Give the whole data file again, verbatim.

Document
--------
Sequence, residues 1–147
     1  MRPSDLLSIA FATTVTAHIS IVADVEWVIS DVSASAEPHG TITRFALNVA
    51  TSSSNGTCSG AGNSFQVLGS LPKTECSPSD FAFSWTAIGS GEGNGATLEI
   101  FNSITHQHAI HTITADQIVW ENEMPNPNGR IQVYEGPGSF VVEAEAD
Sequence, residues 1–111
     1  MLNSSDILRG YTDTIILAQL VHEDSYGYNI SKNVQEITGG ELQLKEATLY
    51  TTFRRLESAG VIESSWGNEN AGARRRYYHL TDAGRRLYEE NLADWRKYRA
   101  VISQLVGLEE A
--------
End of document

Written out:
Sequence, residues 1–147
     1  MRPSDLLSIA FATTVTAHIS IVADVEWVIS DVSASAEPHG TITRFALNVA
    51  TSSSNGTCSG AGNSFQVLGS LPKTECSPSD FAFSWTAIGS GEGNGATLEI
   101  FNSITHQHAI HTITADQIVW ENEMPNPNGR IQVYEGPGSF VVEAEAD
Sequence, residues 1–111
     1  MLNSSDILRG YTDTIILAQL VHEDSYGYNI SKNVQEITGG ELQLKEATLY
    51  TTFRRLESAG VIESSWGNEN AGARRRYYHL TDAGRRLYEE NLADWRKYRA
   101  VISQLVGLEE A